The housing shortage may be turning, warning of a price bubble

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Real estate agents arrive at a brokers tour showing a house for sale with a list price of $1.3 million May 17, 2007 in San Rafael, California.


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The disparity is even more striking in Charlotte, a very hot market fueled by big job growth and an influx of retiring baby boomers. Home sales fell nearly 12 percent in June annually but the median price of a home sold was still nearly 3 percent higher, according to the Charlotte Regional Realtor Association. Homes were also selling, on average, 8 days faster than a year ago.

“Even though the Charlotte region is wedged into a solid seller’s market, incredibly low supply coupled with higher prices and rising mortgage rates are presenting challenges to buyers,” wrote 2018 Charlotte Regional Realtor Association/CarolinaMLS president Jason Gentry in a release. “However, home sales are still occurring across the region, as buyers continue to seek homes outside Charlotte’s city limits.”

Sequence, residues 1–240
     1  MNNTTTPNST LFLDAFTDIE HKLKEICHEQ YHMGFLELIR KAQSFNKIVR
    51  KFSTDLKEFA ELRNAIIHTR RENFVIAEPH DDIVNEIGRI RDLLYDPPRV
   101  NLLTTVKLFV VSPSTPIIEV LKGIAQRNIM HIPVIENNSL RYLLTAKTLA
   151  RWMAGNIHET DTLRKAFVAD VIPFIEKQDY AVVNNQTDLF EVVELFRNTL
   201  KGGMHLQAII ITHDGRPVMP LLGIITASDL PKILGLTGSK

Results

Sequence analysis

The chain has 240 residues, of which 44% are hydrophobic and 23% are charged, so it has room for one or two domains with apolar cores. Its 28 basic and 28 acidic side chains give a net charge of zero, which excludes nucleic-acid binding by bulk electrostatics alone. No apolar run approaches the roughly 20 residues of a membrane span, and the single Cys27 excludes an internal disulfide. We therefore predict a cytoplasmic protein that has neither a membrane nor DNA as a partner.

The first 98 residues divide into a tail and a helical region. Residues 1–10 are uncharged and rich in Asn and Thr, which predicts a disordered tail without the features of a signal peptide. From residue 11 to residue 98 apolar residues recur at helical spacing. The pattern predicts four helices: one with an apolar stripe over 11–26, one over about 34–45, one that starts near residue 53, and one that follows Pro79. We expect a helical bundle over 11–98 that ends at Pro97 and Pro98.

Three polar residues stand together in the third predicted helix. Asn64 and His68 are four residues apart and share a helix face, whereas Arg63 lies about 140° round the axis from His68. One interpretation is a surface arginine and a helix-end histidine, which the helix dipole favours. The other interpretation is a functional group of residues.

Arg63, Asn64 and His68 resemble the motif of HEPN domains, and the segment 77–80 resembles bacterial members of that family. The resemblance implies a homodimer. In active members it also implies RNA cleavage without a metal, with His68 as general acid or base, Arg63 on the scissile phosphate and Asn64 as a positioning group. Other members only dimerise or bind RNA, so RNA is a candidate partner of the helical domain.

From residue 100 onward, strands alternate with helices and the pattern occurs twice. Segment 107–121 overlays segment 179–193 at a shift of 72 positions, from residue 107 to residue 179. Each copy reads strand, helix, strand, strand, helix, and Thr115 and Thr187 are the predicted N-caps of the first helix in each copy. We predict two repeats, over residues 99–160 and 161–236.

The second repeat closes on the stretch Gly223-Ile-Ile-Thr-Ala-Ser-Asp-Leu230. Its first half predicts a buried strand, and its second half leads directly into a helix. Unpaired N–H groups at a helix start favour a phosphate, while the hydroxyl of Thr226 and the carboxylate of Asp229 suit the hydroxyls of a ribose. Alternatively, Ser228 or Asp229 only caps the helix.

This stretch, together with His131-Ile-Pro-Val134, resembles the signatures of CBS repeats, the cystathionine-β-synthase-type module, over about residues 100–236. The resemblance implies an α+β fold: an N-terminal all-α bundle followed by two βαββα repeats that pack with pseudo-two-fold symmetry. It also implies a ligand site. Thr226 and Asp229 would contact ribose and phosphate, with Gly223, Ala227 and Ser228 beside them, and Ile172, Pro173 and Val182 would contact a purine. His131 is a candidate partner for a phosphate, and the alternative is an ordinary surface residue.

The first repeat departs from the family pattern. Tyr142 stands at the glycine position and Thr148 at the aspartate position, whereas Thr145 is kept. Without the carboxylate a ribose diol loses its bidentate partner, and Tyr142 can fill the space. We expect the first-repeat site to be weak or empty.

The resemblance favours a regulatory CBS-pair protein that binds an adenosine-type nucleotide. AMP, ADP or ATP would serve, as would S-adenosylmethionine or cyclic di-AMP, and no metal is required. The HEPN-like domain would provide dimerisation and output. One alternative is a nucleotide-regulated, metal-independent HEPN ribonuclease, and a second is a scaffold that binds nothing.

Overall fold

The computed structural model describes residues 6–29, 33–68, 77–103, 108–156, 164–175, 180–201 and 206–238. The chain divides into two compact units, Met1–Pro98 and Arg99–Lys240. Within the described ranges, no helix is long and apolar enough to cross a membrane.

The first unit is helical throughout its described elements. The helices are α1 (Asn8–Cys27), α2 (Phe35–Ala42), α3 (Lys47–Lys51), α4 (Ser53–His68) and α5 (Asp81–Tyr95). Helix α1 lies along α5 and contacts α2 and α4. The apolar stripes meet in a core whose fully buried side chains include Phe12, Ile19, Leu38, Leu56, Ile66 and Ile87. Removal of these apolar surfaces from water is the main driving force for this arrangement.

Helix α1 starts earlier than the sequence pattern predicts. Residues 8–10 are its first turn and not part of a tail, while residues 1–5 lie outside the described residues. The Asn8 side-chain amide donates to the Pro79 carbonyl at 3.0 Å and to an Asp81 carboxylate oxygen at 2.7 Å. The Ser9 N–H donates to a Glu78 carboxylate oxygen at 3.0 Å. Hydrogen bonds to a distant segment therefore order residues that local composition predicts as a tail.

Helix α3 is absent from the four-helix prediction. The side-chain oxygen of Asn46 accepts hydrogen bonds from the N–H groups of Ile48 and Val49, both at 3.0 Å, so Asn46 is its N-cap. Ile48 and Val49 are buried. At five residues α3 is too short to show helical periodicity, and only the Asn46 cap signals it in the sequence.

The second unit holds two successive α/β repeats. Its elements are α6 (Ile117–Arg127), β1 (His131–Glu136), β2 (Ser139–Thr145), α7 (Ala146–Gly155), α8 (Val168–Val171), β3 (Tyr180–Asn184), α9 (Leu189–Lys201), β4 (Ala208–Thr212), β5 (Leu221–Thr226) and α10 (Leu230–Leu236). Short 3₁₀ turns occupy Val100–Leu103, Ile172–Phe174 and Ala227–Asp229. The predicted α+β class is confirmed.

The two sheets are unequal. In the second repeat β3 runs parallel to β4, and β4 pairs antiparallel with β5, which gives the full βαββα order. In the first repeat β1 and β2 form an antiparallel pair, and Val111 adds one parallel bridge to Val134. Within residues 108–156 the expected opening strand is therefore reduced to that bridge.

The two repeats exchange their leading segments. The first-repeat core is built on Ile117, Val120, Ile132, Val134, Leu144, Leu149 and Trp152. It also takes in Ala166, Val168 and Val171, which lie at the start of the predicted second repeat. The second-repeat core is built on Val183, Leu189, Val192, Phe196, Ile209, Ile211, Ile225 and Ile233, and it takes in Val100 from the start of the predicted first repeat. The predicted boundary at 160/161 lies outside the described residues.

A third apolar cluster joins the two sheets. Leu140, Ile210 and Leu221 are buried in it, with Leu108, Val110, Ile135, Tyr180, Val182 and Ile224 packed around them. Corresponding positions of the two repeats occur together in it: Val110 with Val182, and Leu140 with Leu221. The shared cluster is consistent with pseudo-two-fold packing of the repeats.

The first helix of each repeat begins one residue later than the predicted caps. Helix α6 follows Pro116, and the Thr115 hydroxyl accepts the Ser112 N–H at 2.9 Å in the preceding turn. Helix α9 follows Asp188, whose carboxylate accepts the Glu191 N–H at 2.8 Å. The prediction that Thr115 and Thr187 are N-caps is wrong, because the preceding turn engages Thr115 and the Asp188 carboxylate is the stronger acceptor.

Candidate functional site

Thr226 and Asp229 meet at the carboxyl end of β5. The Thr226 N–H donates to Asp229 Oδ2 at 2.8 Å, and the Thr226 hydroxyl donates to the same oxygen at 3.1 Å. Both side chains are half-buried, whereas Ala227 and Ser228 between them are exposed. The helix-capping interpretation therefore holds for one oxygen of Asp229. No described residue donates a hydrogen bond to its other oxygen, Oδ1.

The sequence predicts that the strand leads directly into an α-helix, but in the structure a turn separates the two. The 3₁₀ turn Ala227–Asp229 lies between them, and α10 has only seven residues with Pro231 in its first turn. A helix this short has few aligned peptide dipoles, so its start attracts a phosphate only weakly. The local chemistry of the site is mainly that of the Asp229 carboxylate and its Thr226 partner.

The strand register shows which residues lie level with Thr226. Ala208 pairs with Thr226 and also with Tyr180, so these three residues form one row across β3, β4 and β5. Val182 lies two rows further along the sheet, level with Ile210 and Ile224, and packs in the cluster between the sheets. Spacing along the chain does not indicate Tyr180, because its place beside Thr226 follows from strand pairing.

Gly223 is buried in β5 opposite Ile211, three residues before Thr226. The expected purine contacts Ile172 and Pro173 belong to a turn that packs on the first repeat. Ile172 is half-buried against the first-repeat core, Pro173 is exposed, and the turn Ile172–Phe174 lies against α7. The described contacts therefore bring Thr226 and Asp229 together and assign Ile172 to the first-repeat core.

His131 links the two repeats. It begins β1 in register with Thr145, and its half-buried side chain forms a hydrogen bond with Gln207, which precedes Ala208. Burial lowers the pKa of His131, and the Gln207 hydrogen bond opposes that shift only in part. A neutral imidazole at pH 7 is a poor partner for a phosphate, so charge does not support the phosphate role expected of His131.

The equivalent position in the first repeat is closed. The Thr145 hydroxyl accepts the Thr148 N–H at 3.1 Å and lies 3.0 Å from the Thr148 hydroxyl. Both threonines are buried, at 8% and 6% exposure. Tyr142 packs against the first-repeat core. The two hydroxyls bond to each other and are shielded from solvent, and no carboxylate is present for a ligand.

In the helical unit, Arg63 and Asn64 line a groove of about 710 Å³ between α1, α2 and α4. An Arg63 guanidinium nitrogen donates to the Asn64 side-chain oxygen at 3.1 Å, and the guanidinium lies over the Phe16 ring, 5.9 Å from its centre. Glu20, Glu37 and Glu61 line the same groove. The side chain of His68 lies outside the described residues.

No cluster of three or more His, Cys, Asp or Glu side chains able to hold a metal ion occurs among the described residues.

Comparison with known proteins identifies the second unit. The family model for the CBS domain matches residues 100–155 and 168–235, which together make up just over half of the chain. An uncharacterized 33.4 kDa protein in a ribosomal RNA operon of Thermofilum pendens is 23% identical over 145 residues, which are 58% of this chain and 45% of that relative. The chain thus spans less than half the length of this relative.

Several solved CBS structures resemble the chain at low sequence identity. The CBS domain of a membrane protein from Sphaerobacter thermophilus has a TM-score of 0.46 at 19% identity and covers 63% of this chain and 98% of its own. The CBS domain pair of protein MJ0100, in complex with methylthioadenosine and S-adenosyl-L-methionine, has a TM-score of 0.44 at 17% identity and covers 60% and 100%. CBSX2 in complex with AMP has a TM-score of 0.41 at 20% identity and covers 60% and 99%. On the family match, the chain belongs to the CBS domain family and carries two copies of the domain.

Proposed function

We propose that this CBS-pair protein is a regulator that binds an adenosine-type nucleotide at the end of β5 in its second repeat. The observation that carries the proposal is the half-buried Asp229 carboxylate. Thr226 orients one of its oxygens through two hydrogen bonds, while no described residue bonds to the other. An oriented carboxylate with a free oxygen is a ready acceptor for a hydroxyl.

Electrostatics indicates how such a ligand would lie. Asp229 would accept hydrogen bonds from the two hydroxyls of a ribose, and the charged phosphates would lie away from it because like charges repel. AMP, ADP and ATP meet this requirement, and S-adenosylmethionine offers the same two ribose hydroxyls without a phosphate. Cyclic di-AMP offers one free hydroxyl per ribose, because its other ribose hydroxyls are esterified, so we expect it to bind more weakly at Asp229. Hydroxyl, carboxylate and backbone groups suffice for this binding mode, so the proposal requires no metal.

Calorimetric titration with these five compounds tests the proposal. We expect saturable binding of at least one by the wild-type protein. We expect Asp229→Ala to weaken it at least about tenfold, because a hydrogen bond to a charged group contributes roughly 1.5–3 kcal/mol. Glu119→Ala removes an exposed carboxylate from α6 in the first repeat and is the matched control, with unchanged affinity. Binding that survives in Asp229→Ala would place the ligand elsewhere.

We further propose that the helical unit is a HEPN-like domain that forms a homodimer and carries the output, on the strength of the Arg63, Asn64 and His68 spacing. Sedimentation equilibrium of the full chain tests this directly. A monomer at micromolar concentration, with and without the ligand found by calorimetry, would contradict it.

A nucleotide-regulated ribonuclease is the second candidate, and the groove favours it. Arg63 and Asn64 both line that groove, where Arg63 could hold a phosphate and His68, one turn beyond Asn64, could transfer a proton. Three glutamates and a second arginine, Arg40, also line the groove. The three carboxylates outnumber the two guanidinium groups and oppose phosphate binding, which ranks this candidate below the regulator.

Inventory in Charlotte did rise one percent compared to a year ago, but supplies are still quite low.

While home builders are slowly ramping up production, they are doing so largely in the move-up and luxury market. Sales of newly built homes have been rising in Southern California, easing the inventory shortage somewhat, but not enough.

“New-home sales continue to run well below historically normal levels, with the sales through May of this year 37 percent below the average number sold during that five-month period over the past three decades,” noted LePage. “Also, most of the new homes sold this year were aimed at mid-market to high-end buyers, with almost two-thirds selling for $500,000 or more and 15 percent selling for less than $400,000.”

Mortgage applications to purchase a newly built home plummeted nearly 9 percent in June compared to June 2017, according to the Mortgage Bankers Association. This suggests lower new home sales going forward, despite higher prices.



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